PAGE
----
Jason Sherwood set a Hollywood precedent in February when he became the youngest person chosen to design the set for the Academy Awards in its 92-year history. Now that work has him in the running for an Emmy.
As the entertainment industry continues to grapple with the COVID-19 pandemic, the 30-year-old has come to view that Oscars experience as more than just a high-caliber professional endeavor.
“The spirit of collaboration was very much alive on that show,” Sherwood told HuffPost in an interview. “Given the current moment, it’s become a beautiful token, a reminder of a time when we were able to gather, to form small communities and create work together as a team.”
Watch Sherwood talk about his Oscars design in the video above.
This year’s Oscars, held Feb. 9 at the Dolby Theatre in Los Angeles, will perhaps best be remembered as a small but critical step forward for diverse representation on the big screen. The night’s most subversive winner was “Parasite,” a non-English-language South Korean thriller that received four awards, including best picture. Witnessing that film’s surprise ascent to critical and commercial darling made Sherwood want to “break the mold of what was normally done on the show.”
In the end, he presented producers Stephanie Allain and Lynette Howell Taylor with four concepts, eventually settling on that of a “swirling, sculptural cyclone” meant to evoke a changing Hollywood. Once installed, the fully executed design incorporated more than 40,000 Swarovski crystals, wowing director Glenn Weiss and art critics alike.
And it also nabbed Sherwood, whose résumé includes sets for the Grammy Awards and concert tours by Sara Bareilles, Sam Smith and the Spice Girls, his second Emmy nomination for production design. He won in the same category last year for Fox’s “Rent: Live.”
“To be invited back into the TV space, to design the Oscars, was a giant honor in and of itself,” he said. “The folks who came before me were certainly further along in their careers and had a lot more esteem than I do. [So] the nomination is just a wonderful affirmation of how hard we worked, how much we put into it.”
And Sherwood, who is gay, found the 2020 Oscars’ lineup of LGBTQ talent particularly inspiring, too. The evening kicked off with an elaborate musical sequence featuring Janelle Monáe and Billy Porter. Later, Elton John performed “(I’m Gonna) Love Me Again” from his musical biopic “Rocketman,” which went on to win for original song.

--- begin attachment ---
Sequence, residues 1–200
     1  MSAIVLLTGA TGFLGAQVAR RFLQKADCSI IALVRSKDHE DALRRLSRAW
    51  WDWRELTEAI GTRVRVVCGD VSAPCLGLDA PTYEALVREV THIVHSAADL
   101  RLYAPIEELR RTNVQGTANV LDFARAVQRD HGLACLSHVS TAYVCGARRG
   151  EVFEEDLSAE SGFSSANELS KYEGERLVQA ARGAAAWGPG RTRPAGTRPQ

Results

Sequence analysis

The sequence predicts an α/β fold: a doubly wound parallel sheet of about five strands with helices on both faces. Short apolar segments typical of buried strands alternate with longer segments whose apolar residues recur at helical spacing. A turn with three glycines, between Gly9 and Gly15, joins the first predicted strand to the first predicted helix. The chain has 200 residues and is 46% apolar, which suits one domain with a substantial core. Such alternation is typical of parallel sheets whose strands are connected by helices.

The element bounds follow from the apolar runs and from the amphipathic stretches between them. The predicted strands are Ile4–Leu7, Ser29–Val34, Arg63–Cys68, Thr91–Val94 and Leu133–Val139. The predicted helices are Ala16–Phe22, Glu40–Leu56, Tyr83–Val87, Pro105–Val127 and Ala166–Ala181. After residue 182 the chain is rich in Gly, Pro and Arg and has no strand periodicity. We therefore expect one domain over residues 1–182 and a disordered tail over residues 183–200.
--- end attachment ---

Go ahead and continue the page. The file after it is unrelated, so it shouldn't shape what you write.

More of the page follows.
“We wanted to make a show that would feel incredibly inclusive and be celebrated by top artists,” he said. “So to do work at that level with artists who are unapologetically queer was one of the greatest gifts of the whole thing. I literally got to make the platform, in some sense.”
Sherwood, who grew up in suburban New Jersey, found solace in the performing arts. Though he became active in local productions as a teen, he knew early on that a career in the spotlight wasn’t for him, and he credits a high school drama teacher, Laura Rokoszak, with encouraging him to pursue design.
After graduating from New York University, Sherwood spent the next few years establishing himself in Manhattan theater circles. In 2017, he designed the set for “The View UpStairs,” a musical based on the 1973 arson that devastated a New Orleans gay bar. Last year’s New York City Center production of “Evita” was another highlight.
Both “Rent: Live” and the Academy Awards, of course, have boosted Sherwood’s profile considerably, and whether or not he takes home his second Emmy on Sept. 20, his career remains on an upswing. On Friday, it was announced he’d signed a new deal with the Creative Artists Agency.
These days, he’s unable to work on his designs in a formal sense due to COVID-19. Still, he finds inspiration in the “reckoning” against racial inequality now dominating the national conversation and believes it will lead to a series of major changes in the entertainment industry, too.
“I’ve found it to be an incredible truthful time,” he said. “There’s a huge reckoning with white supremacy, with inequality and racism, with how we’ve treated ― and are going to treat ― our BIPOC artists, friends and family [and] how we are going to create a space for those people to sit at with everyone else who’s had opportunity for centuries.”
Looking ahead, Sherwood vows only to pursue work that presents “new challenges and experiences,” noting, “I’ve never been the kind of person who says, ‘I want to have this or that job by this age.’”
But if forced to choose, he’d love a chance at designing the stage for the opening ceremonies of the Olympics one day.
“In my world, that would be a dream job,” he said. “It’s so many things I love: It’s music, spectacle and performance, and it speaks to international history.”